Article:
Orange County Support Mediation Lawyer
Board Certified Advocate in LA County, San Bernardino, Orange, Riverside, San Diego, Ventura, and Santa Barbara
Mediation can address a number of concerns regarding life after divorce, including how divorced parents will continue supporting their shared children. Support mediation is a critical method for working with your spouse to determine how much child and spousal support is necessary in the best interests of your child, and a board certified attorney like Kevin B. Gibbs can help you prepare for support mediation.
What Is Child Support?
Child support is a monthly payment that one parent makes to another to help cover the costs of raising a child after a divorce. Generally, the parent who cares for a child most of the time (the “custodial parent”) receives child support payments from the “non-custodial parent.” Parents typically provide child support until the child turns 18 years old, unless the child is still in high school and lives with a parent, in which case payment can continue.
The amount of support depends on California’s child support guidelines, and parents can draft their own agreement in mediation without the influence of the court, as long as they submit the plan to the court for final review.
To get started on estimating the support amount, parents will need information on both their net disposable incomes. Net disposable income is the difference between gross income and what counts as deductions for child support purposes. Gross income includes everything from salaries and commissions to unemployment, military pensions, and Social Security benefits, as well as lottery winnings and alimony received.
Once the parents have determined gross income, they can deduct state and federal income taxes, mandatory union dues, and health insurance premiums, among other things. In addition to their net disposable incomes, parents will also need to know:
- the number of children who need support;
- the custody arrangement;
- the parents’ tax liabilities;
- whether a parent supports children from another relationship;
- the child’s health insurance expenses;
- the parents’ mandatory retirement contributions and other job-related expenses; and
- any other relevant costs (e.g., healthcare, daycare, childcare).
What Is Spousal Support?
Spousal support, or alimony, is a series of payments made from a higher-earning spouse to the other. The purpose of spousal support is to facilitate the transition from a two-income household to one-income for a lower-earning spouse. California courts generally offer 3 alimony options – temporary, rehabilitative, and permanent spousal support.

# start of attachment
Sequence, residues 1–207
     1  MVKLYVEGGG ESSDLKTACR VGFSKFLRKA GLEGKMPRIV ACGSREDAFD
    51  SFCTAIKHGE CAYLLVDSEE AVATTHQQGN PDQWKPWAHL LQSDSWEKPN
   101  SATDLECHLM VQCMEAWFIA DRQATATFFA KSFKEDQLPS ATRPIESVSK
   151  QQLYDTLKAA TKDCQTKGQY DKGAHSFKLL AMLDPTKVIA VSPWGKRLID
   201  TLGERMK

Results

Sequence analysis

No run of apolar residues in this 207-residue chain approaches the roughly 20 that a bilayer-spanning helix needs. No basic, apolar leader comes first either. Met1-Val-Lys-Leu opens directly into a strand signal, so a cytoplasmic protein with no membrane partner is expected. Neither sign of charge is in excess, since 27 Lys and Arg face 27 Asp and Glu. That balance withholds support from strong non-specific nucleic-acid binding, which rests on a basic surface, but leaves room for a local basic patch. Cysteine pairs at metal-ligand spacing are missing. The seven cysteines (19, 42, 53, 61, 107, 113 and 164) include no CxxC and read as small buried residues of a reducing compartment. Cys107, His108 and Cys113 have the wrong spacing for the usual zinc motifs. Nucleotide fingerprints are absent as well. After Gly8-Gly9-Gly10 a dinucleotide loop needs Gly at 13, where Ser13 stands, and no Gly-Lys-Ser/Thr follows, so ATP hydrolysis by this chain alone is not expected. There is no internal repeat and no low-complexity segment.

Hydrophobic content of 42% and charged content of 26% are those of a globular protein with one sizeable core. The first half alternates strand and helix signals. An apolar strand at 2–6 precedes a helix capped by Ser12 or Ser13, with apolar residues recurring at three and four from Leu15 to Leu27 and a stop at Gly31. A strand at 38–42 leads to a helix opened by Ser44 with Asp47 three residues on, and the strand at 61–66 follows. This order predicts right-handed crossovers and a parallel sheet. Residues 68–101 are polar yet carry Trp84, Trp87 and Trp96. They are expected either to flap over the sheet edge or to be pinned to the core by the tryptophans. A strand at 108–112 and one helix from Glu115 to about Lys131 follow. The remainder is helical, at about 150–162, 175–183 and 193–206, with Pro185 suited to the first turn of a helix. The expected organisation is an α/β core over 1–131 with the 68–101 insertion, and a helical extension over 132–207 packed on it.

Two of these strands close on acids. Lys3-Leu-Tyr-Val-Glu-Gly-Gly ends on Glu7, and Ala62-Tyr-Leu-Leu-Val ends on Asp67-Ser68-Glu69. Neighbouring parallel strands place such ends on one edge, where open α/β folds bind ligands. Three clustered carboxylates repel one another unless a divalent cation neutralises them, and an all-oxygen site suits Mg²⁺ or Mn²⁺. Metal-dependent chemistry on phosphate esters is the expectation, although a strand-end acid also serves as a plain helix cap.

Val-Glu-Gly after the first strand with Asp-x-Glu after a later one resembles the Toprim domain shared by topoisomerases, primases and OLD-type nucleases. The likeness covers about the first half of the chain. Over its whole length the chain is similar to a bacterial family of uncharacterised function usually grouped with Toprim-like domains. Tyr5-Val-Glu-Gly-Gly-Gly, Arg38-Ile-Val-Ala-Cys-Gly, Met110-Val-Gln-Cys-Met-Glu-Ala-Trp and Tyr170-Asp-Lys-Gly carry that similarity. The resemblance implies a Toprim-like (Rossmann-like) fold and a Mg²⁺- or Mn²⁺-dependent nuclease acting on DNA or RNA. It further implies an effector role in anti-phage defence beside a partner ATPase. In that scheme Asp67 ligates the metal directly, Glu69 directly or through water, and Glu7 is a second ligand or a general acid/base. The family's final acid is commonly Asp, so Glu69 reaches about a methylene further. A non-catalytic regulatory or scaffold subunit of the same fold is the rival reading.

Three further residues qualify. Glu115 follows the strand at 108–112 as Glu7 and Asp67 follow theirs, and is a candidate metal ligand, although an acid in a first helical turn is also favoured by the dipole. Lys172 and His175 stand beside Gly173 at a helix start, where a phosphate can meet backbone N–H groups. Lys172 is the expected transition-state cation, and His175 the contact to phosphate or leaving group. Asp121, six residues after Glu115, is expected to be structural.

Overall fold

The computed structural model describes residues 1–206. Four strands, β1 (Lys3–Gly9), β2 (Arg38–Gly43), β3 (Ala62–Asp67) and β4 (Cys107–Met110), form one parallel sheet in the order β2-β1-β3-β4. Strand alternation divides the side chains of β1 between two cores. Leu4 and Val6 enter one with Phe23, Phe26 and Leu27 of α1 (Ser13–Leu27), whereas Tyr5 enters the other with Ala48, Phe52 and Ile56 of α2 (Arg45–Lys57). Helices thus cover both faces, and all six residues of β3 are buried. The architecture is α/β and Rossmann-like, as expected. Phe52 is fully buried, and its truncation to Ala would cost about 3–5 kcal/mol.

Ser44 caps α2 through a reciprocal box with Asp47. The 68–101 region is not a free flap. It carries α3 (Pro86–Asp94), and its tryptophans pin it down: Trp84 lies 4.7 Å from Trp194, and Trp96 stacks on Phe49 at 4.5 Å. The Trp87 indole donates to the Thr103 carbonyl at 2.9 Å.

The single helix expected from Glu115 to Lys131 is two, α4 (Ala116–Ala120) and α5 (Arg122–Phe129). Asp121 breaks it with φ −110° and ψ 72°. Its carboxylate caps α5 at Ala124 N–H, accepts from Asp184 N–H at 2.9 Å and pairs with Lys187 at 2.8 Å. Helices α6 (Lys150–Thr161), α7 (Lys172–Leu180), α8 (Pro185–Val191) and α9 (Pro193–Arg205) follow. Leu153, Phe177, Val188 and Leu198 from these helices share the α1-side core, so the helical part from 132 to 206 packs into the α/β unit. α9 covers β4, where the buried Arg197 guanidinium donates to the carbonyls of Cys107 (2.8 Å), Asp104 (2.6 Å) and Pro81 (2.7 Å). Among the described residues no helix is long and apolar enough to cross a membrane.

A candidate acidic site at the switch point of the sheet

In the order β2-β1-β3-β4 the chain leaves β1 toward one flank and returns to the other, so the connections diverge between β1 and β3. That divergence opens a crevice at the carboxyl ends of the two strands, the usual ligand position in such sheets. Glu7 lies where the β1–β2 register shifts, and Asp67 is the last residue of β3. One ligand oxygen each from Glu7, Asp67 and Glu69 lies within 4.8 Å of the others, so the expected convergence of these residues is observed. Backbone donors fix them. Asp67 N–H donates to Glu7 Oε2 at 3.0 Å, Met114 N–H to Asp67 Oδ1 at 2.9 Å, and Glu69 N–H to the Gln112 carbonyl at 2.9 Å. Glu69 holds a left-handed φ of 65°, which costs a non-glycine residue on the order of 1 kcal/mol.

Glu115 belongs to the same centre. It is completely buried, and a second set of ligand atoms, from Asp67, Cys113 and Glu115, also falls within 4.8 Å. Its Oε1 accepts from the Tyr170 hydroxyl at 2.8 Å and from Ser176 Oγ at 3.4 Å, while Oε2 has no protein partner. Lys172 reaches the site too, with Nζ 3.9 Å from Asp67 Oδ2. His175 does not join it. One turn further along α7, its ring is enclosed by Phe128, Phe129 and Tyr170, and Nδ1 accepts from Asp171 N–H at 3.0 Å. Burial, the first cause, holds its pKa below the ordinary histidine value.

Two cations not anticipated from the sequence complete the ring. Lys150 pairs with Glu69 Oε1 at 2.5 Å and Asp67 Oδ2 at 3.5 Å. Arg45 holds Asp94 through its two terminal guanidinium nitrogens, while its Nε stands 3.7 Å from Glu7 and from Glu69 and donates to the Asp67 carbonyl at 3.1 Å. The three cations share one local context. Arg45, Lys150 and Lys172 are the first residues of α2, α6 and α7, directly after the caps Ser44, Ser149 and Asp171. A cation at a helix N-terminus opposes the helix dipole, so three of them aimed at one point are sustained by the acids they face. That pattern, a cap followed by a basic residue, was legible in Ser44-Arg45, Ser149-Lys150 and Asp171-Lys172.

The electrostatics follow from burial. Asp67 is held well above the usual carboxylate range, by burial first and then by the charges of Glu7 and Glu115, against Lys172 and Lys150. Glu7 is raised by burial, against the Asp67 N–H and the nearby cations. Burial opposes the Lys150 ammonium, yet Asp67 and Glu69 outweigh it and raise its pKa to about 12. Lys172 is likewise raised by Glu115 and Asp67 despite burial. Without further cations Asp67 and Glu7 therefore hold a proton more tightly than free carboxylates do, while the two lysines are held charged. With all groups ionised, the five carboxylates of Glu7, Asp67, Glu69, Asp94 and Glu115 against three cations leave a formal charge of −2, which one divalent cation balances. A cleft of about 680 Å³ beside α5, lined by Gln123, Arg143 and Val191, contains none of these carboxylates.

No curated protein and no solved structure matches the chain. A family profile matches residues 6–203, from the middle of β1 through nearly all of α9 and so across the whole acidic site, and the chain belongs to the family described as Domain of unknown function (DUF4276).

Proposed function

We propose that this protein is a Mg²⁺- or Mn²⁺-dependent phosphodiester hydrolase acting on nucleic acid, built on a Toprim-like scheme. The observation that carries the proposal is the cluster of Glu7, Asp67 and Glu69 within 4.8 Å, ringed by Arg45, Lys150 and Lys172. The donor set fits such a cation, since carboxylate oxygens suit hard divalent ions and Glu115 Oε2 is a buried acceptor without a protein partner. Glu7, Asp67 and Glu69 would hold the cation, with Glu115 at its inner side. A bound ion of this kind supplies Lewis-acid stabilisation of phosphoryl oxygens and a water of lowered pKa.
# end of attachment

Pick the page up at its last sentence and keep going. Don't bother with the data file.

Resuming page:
Temporary support typically lasts from the date it's requested to the moment the judge finalizes the divorce. Rehabilitative support is the most common type of spousal support and is common in cases where one spouse earns more than the other or was the primary earner in the family while the other cared for the children and home during the marriage. The goal of rehabilitative support is to provide the lower-earning spouse the resources to obtain valuable job skills or education to enter the workforce and become self-supporting.
Permanent spousal support is rare and typically reserved for spouses ending a long-term marriage (10 or more years) where one spouse cannot enter the workforce due to advanced age or illness.
To determine the amount of spousal support to order the court will gather financial information from each spouse, including information about income, expenses, assets, and debts. For rehabilitative and permanent support, the court will also evaluate the following:
- each spouse’s earning capacity;
- the extent to which the supported spouse contributed to the other’s educational degree or professional license during the marriage;
- the spouse’s ability to pay spousal support, considering earning capacity, earned and unearned income, assets, and standard of living;
- each spouse’s needs, based on the marital standard of living;
- each spouse’s debts and assets, including separate property;
- the length of the marriage;
- the supported spouse’s ability to become employed without interfering with the care of their minor children;
- each party’s age and health;
- whether there is a documented history of domestic violence against either party or the children;
- tax consequences to each party;
- the balance of hardships to each party;
- the goal that the recipient spouse will be self-supporting within a reasonable period;
- any criminal conviction of an abusive spouse; and
- any other relevant factors.
Mediation is a common negotiation option that involves a third-party moderator, or mediator, to facilitate discussion between separating spouses. Mediation can help parents negotiate a mutual agreement regarding support, as both parents maintain the most decision-making power in mediation rather than defaulting to a judge. During the mediation sessions, parents will exchange their views on what each feels is appropriate for the children.
An experienced support mediation attorney can help parents prepare for these mediation sessions by reviewing their goals and needs, as well as by assessing their financial situation. Note that the more cooperative the parents, the more successful mediation will be (and the more successful co-parenting will be). Mediation may also resolve disputes faster and cheaper than going to court.
Contact Kevin B. Gibbs for a Free Consultation
If you are involved in a child support dispute with your spouse, consult an experienced support mediation attorney for legal guidance. It is often in parents’ best interests to pursue mediation to resolve any differences so as to maintain the most control over the outcome. Kevin B. Gibbs has extensive experience to guide you through the support mediation process in Southern California and ensure you address your needs and goals for child and spousal support.